Applying conformal coating

I have read about conformal coatings, but it applies to non-heat dissipating devices. Could I get some advice on applying an acrylic coating to the myriad of electronics that contain
  • transistors with the metal tabs held down to heat sinks
  • 3 watt or greater ceramic resistors
  • PCB mounted potentiometers
  • electrolytic capacitors

I tried coating an audio amplifier containing MOSFETs screwed to an anodized heat sink with white grease. The white grease ran when I sprayed hexanes for the initial wash. This prevented adhesion of the acrylic spray where the grease ran. I also found the coating ran underneath the masking tape.

Conformal coating seems like cheap corrosion insurance. $15 for the acrylic spray and $15 for the mixed hexanes spray wash. I also hear, please correct me, that acrylic can reduce tin whiskers on new electronics that do not have leaded solder.

Comments

  • BB.BB. Super Moderators, Administrators Posts: 31,684 admin
    Re: Applying conformal coating

    The few times I used conformal coating in a production environment, it was to hold down rework wires. Sort of nice in a high vibration environment.

    In general, any board conformal coated is almost unrepairable. For (large) expensive boards, we wanted to be able to repair them.

    Regarding preventing failures... For multilayer printed circuit boards, there can be copper dendrite growths too that short out in between layers (conformal coating will not prevent--This is usually a PCB mfg. problem).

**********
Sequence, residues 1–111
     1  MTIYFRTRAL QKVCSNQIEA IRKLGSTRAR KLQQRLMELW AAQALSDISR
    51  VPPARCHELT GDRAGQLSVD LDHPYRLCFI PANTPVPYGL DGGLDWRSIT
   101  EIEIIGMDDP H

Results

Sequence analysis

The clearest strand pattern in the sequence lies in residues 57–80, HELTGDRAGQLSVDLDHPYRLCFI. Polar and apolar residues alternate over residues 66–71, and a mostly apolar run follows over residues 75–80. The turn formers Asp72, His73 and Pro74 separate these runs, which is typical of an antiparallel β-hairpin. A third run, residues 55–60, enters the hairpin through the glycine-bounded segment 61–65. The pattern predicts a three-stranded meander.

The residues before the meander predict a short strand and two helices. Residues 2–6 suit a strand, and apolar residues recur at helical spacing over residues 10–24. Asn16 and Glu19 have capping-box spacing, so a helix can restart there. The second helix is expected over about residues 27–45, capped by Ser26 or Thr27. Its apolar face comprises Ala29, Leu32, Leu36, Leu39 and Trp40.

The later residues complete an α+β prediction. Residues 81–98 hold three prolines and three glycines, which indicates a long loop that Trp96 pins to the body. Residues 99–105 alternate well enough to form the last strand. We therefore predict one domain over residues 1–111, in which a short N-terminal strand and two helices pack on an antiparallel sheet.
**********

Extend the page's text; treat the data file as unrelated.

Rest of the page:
The general solution for circuit boards exposed to weather... Put them in a (best as you can) sealed metal/plastic box. Install the box where it will be used, and drill a small weep hole at the lowest corner of the box.

    It is almost impossible to (cost effectively) seal an electronics enclosure that is exposed to weather--Best bet it a small weep hole to let water/condensation drain out (and small enough to keep most insects out).

    -Bill "my 2 cents" B.
    Near San Francisco California: 3.5kWatt Grid Tied Solar power system+small backup genset
  • jonrjonr Solar Expert Posts: 1,386 ✭✭✭✭
    Re: Applying conformal coating

    How does conformal coating compare to full potting? Seems like potting would be even more durable (and completely unrepairable). On the other hand, I did manage to get the soft silicon gel out of an engine control computer.

    I am available for custom hardware/firmware development

  • mike95490mike95490 Solar Expert Posts: 9,274 ✭✭✭✭✭
    Re: Applying conformal coating
    KC-watts wrote: »
    I also hear, please correct me, that acrylic can reduce tin whiskers on new electronics that do not have leaded solder.

    Myth. A thin layer of plastic will not stop a metal crystal from growing through it. It might give you a couple extra days. 5% lead in the solder is the fix, but that's been "banned" except for spacecraft and medical electronics. "lead free" solder, is NOT really solder, it's hot melt tin glue.
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  • jonrjonr Solar Expert Posts: 1,386 ✭✭✭✭
    Re: Applying conformal coating
    KC-watts wrote: »
    I also hear, please correct me, that acrylic can reduce tin whiskers on new electronics that do not have leaded solder.

    Other coatings will do that. See 2010-Panashchenko-IPC-Tin-Whisker

    I am available for custom hardware/firmware development

  • SulfurSulfur Solar Expert Posts: 62 ✭✭
    Re: Applying conformal coating